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TV

Watch: Ellen DeGeneres cries as President Obama honours her at ceremony

The TV star was overcome with emotion at Obama’s touching tribute to her

By Sinead Corcoran
Almost 20 years after publicly coming out as gay, Ellen DeGeneres has received a Medal of Freedom presented to her by President Obama for her services as a LGBT advocate and role model.
The Medal of Freedom is the highest honour that can be given to a civilian and is presented to individuals who have made especially meritorious contributions to the security or national interests of the United States, to world peace, or to cultural or other significant public or private endeavours.
“In a career spanning three decades, Ellen DeGeneres has lifted our spirits and brought joy to our lives as a standup comic, actor and television star,” said Obama, presenting the 57-year-old with her medal.
“In every role, she reminds us to be kind to one another and to treat people as each of us wants to be treated. At a pivotal moment, her courage and candor helped change the hearts and minds of millions of Americans, accelerating our nation’s constant drive towards equality and acceptance for all. Again and again, Ellen DeGeneres has shown us that a single individual can make the world a more fun, more open, more loving place so long as we just keep swimming.”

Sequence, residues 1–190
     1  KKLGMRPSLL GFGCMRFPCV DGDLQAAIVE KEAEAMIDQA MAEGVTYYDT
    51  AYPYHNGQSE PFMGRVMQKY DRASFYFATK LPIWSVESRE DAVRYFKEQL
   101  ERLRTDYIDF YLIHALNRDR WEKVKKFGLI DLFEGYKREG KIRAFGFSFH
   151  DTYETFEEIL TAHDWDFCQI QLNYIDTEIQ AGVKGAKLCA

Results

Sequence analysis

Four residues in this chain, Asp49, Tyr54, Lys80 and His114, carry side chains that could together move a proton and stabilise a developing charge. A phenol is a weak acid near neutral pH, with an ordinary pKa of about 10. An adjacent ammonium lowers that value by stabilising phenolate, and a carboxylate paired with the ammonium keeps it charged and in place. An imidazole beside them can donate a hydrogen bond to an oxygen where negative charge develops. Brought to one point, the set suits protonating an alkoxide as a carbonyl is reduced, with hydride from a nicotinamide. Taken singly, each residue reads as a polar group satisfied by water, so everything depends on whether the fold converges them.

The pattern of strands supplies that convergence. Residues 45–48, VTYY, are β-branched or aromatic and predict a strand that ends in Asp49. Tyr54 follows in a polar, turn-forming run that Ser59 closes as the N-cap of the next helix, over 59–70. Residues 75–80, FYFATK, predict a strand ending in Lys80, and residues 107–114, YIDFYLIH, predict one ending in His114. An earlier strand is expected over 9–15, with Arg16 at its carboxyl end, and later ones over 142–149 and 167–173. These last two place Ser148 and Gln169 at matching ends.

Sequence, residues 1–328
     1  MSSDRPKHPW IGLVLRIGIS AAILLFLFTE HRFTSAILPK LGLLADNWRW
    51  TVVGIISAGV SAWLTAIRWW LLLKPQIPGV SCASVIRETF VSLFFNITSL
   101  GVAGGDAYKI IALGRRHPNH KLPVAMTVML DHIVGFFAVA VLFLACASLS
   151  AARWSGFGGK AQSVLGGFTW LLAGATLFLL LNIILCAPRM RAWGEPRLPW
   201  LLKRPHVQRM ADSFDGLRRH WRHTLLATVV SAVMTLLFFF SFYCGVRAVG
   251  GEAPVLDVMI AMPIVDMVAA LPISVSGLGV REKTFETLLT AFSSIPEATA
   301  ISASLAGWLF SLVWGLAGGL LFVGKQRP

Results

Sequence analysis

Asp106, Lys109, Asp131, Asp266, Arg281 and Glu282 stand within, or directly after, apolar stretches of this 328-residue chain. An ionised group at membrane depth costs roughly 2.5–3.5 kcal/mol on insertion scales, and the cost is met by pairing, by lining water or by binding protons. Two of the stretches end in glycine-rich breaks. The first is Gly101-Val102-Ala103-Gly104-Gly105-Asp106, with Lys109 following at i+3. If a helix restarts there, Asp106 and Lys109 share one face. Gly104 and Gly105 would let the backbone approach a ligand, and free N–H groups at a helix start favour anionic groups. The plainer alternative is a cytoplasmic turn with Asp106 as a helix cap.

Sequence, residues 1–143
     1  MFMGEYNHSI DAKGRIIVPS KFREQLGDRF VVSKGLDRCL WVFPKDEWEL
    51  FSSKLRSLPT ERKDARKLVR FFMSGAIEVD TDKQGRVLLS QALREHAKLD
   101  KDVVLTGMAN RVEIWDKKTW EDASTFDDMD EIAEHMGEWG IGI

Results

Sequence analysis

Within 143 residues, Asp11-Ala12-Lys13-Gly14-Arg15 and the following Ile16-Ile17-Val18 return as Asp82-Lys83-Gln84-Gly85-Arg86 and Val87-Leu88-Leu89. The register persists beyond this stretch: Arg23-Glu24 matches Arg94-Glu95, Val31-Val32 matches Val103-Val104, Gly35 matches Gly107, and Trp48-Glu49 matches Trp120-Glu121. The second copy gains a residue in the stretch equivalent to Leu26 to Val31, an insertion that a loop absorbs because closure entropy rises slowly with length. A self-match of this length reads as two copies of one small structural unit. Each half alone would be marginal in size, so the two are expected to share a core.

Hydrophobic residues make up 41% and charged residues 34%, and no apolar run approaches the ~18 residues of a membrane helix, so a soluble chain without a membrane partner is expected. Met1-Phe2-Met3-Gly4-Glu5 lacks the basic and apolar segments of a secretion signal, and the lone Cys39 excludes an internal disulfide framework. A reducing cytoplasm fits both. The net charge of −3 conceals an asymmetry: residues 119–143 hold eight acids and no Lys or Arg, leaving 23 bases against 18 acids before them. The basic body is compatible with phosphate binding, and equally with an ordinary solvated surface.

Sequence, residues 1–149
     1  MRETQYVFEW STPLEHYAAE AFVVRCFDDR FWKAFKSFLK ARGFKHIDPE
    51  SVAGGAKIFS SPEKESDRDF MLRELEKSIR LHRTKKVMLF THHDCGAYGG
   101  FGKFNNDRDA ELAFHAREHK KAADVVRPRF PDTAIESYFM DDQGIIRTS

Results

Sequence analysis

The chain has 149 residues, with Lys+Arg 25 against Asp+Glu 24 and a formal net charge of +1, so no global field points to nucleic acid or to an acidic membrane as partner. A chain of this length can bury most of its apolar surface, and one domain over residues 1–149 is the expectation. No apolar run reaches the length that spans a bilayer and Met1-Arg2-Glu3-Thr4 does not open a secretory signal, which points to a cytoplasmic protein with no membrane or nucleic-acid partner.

In his touching speech dedicated to Ellen, who was visibly crying, Obama applauded her for her brave decision to publicly reveal her sexuality on her TV show Ellen in 1997, becoming the first leading character on a TV series to be openly gay as well as coming out to the general public.
Ellen featured on the cover of Time Magazine in 1997 to finally reveal she was gay
“It’s easy to forget now, when we’ve come so far, where now marriage is equal under the law, just how much courage was required for Ellen to come out on the most public of stages almost 20 years ago,” said Obama, who confessed to getting “choked up” during his speech.
“Just how important it was, not just to the LGBT community, but for all of us to see somebody so full of kindness and light, somebody we liked so much, somebody who could be our neighbor, or our colleague, or our sister, challenge our own assumptions. Remind us that we have more in common that we realise. Push our country in the direction of justice. What an incredible burden that was to bear, to risk your career like that. People don’t do that very often. And then to have the hopes of millions on your shoulders,” he continued.
Past openly gay and lesbian honourees of the medal include Stephen Sondheim, Sally Ride, Harvey Milk, Billie Jean King and Bayard Rustin.

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